By comparing the operations of the first and second valve assemblies 21, 22 in FIGS. 1 and 2, several principles of performance become evident. For example, the container 15 of FIGS. 1 and 2 can be manipulated about a plurality of axes and yet still provide full circle, continuous spraying operations for the operator. That is to say, for example, the container 15 can be rotated about a series of axes say relative to a horizontal working plane that passes through centroid C, all without there being an interruption of the flow of liquid 12 to the sprayer nozzle 27. In the various positions, the balls 25, 28 of the first and second valve assemblies 21, 22, respectively, complementarily act to prevent entry of air into the straw 20 via one of the ports 24, 25, yet allow the liquid 12 to enter via the other of the ports 24, 25 and then to be driven to the nozzle 27 and expelled via the complementary valve assembly. Movement of the balls 25, 28 is relative to the seats 36, 29 respectively. The degree of such movement is based on the magnitude of force due to gravity acting normal to the seats 36, 29. If such component is larger than the friction forces acting on the balls within the races 37, 38, respectively, then movement occurs.
FIG. 3 illustrates the pump sprayer 18 in more detail.
As shown, the pump sprayer 18 includes a movable piston 40. Its movement momentarily produces a partial vacuum in cupola-like passageway 41 adjacent to ball 42. The ball 42 can thus oscillate along race 43 between valve seat 44 and stop 45. This movement alternately closes and re-opens the upper straw segment 20a to the partial vacuum within the cupola passageway 41. As a result, the contained liquid 12 that forms the reservoir 14 is caused to flow up through the straw segments 20b, 20a to the cupola passageway 41, thence to linear passageway 46 to nozzle 27.
To and fro movement of the piston 40 is achieved by trigger 47. Force is applied to the trigger by an operator (not shown). The trigger 47 also has a mid-segment 48 notched to receive the piston 40. A pivot 49 allows angular movement of the trigger 47. Such movement is converted to rectilinear motion of the piston 40 because of the flexible connection between these elements. An internal spring 49a returns the piston 40 (and the trigger 47) to original stroke start positions. Attachment of the pump sprayer 18 to the container 15 is via spinable collar 19. The collar 19 is rotatable to connect to the exterior of the mouth 17 of the container 15. Nozzle 27 includes a threadable nose bushing 39a that squeezes spinner element 39b in order to change the spray pattern of the liquid at exit port 39c.
FIG. 4 illustrates first ball valve assembly 22 of FIG. 1 in more detail.
As shown, the first ball assembly 22 is attached to the open end of straw segment 20a adjacent to which is the valve seat 36. The valve seat 36 receives the ball 25 in the manner previously mentioned, i.e., when the working position of the valve assembly 21 is reversed by 180 degrees and the spray bottle is in the position of FIG. 2. The assembly 22 includes a cylindrical extension 50 having an axis of symmetry coincident with axis A--A of the container 15. The extension 50 is divided into a first segment 51 and a second segment 53. The first segment 51 is in surface contact with wall 52 of the straw segment 20b. The valve seat 36 marks the dividing plane of the first and second segments 51 and 53. The second segment 53 includes a bulbous wall segment 54 from which the valve seat 36 is formed. The interior of the second segment 53 also houses the ball 25 and the race 37 in the manner previously mentioned. Such constructional features of the second segment 53 permits the ball 56 to travel between the seat 36 and star-shaped stop 55 in a coordinate manner as described hereinafter. That is to say, the diameter of the segment 53 combines with the location of stop 55 to permit liquid flow via entry port 24 thence through passageway 57 around ball 25 and thence to straw segment 20b. Strainer 58 completes the assembly.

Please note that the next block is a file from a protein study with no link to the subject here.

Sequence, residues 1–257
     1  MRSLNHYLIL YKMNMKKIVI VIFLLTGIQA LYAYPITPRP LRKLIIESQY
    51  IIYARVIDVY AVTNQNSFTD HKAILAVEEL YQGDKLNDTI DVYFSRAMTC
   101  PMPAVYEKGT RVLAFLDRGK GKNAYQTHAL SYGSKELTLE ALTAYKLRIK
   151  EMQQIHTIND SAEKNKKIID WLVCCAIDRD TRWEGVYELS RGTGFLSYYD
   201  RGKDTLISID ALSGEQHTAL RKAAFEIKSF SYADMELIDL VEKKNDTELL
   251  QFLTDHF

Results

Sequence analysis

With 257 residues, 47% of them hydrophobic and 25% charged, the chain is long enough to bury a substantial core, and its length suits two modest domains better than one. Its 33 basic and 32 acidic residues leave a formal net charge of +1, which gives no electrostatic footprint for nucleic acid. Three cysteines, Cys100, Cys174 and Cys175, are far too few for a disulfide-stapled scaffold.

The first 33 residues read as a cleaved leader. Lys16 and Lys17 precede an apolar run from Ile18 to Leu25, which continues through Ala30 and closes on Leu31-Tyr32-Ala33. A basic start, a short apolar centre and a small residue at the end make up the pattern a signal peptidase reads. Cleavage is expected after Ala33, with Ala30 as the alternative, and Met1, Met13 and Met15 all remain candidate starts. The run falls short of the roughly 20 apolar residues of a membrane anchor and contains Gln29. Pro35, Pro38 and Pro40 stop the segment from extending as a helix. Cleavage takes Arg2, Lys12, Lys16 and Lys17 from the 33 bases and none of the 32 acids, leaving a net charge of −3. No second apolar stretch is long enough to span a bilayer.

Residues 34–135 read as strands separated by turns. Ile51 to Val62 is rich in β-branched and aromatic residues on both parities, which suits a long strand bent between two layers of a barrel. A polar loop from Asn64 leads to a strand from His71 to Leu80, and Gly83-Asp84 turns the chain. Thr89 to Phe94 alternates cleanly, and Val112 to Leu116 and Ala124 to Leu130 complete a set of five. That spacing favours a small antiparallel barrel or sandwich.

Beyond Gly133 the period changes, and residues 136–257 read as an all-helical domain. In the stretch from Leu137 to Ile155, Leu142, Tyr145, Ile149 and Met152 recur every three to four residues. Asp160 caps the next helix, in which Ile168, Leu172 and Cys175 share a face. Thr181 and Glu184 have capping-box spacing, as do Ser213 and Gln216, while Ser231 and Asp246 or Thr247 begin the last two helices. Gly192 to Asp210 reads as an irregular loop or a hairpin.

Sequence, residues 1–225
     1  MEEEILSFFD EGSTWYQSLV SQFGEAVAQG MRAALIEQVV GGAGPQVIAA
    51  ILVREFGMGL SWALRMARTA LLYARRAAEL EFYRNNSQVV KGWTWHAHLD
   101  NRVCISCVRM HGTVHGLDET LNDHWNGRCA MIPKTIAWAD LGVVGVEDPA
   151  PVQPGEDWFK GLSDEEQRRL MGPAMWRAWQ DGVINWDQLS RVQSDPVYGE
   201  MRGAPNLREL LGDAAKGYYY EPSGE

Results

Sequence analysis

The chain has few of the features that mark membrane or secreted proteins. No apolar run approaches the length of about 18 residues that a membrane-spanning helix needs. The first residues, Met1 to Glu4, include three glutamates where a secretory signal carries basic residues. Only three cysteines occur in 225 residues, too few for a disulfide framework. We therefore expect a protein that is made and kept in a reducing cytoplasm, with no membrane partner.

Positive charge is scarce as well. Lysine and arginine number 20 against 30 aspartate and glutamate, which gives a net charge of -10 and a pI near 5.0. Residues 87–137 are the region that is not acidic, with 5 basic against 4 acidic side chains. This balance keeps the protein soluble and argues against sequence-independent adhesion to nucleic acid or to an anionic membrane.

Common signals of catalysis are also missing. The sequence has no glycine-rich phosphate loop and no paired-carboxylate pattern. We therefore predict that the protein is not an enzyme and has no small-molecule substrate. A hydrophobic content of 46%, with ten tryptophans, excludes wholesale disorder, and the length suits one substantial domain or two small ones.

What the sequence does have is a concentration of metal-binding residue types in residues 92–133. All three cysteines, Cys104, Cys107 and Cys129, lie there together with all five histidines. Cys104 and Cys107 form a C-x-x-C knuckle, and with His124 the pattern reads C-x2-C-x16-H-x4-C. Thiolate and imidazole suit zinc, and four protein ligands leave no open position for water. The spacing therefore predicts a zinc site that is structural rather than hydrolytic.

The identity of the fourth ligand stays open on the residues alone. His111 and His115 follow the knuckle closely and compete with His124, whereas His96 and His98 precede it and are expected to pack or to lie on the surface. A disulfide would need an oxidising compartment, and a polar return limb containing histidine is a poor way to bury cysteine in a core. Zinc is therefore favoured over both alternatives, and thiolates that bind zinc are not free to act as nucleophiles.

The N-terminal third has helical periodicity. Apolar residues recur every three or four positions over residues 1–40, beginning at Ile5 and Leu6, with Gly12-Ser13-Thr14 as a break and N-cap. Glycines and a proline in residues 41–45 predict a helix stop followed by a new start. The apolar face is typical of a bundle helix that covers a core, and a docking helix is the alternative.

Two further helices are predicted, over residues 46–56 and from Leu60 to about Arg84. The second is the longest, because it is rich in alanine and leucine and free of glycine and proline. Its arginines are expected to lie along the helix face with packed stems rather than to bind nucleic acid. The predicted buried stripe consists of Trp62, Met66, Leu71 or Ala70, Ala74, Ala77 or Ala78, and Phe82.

Note that the associated wall 59 of the second segment 53 is thickest at bulbous segment 54 where the valve seat 36 is formed. Thus when the container is tipped from its normal upright working position (FIG. 1) toward an upside down working position of FIG. 2, the capture of the ball 25 at the seat 36 can occur after the axis of symmetry A--A of the container passes beyond a horizontal plane say through centroid C of FIGS. 1 and 2, by a selected amount. Such amount is related to the magnitude of the force with which the ball 25 is pulled toward the earth's surface and the amount of frictional forces between the ball 25 and the associated wall 59 of the segment 53, that must be overcome.
FIG. 5 illustrates second ball valve assembly 21 of FIG. 1 in more detail.